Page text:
1911 Encyclopædia Britannica/Barnstable
|←Barnsley||1911 Encyclopædia Britannica, Volume 3
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BARNSTABLE, a seaport township and the county-seat of the county of the same name, in Massachusetts, U.S.A. Pop. (1900) 4364, of whom 391 were foreign-born; (1910, U.S. census) 4676. Barnstable is served by the New York, New Haven & Hartford Railway. It is situated between Cape Cod Bay on the N. and Nantucket Sound on the S., extending across Cape Cod. The soil of the township, unlike that of other parts of the county, is well adapted to agriculture, and the principal industry is the growing of vegetables and the supplying of milk and poultry for its several villages, nearly all of which are summer resorts. At Hyannis is a state normal school (1897; co-educational). Cranberries are raised in large quantities, and there are oyster and other shell fisheries. In the 17th century the mackerel and whale fisheries were the basis of economic life; the latter gave way later to the cod and other fisheries, but the fishing industry is now relatively unimportant. Much of the county is a region of sands, salt-marshes, beach-grass and scattered woods. From 1865 to 1895 the county diminished 20.1% in population. Barnstable was settled and incorporated in 1639 (county created 1685), and includes among its natives James Otis and Lemuel Shaw.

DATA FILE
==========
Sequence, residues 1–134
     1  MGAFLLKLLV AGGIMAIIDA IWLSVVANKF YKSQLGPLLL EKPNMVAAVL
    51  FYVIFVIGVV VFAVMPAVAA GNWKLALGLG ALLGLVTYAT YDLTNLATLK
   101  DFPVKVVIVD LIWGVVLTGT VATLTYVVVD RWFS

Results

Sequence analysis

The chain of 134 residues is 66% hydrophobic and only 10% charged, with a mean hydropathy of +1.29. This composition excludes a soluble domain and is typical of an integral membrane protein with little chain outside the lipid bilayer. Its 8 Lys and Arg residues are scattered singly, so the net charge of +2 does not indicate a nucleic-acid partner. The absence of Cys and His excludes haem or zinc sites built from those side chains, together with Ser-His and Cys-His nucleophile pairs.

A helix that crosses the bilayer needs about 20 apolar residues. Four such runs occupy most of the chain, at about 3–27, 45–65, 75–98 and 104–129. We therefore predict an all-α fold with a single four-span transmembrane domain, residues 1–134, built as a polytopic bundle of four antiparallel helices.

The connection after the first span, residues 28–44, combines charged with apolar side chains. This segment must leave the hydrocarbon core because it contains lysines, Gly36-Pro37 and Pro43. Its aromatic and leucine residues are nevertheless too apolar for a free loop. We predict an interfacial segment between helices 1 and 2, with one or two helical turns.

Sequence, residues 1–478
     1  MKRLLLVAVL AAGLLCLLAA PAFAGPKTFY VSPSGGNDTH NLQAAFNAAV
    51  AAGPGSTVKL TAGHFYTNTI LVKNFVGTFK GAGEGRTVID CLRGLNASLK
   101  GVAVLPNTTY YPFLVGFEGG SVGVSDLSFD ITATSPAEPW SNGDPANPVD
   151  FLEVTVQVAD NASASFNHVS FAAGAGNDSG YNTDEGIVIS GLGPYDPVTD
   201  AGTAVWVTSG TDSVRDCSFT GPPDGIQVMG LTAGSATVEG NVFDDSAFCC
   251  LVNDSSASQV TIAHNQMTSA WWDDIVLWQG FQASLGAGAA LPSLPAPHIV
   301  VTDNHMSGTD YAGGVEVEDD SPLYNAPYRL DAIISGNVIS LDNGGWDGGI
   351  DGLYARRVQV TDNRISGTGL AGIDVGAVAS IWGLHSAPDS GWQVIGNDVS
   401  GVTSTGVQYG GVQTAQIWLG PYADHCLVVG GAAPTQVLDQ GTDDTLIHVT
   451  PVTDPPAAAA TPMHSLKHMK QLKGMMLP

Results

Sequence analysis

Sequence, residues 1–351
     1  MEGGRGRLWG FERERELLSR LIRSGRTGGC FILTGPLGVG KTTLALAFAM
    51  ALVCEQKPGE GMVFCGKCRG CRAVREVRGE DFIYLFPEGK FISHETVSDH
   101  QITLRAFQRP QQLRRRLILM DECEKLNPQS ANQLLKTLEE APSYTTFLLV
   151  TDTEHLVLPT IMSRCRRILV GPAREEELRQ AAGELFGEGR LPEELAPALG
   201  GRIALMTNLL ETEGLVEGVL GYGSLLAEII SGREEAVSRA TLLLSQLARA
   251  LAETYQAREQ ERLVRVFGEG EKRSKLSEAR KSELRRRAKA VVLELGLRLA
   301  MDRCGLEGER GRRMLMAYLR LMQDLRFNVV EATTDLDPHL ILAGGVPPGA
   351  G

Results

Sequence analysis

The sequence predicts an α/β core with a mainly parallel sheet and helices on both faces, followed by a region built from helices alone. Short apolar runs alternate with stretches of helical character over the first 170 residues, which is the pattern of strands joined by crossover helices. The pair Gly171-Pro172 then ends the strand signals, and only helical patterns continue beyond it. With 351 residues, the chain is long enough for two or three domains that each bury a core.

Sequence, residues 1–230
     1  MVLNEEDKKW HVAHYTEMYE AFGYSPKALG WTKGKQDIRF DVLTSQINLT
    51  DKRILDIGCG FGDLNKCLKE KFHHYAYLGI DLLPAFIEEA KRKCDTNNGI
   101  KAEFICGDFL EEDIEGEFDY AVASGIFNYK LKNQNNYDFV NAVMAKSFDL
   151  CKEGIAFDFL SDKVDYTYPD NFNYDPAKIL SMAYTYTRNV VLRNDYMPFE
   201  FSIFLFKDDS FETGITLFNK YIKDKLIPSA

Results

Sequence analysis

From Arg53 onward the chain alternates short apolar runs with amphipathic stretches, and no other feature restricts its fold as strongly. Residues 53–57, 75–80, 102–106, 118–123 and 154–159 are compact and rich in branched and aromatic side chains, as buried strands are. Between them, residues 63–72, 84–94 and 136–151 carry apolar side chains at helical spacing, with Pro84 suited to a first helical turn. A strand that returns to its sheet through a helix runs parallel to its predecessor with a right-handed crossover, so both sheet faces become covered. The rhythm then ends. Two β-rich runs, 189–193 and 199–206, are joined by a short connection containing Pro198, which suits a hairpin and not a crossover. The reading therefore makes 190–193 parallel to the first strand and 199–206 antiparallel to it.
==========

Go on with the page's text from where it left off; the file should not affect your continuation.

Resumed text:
- F. Freeman, The History of Cape Cod: the Annals of Barnstable County (2 vols., Boston, 1858, 1862; and other impressions 1860 to 1869).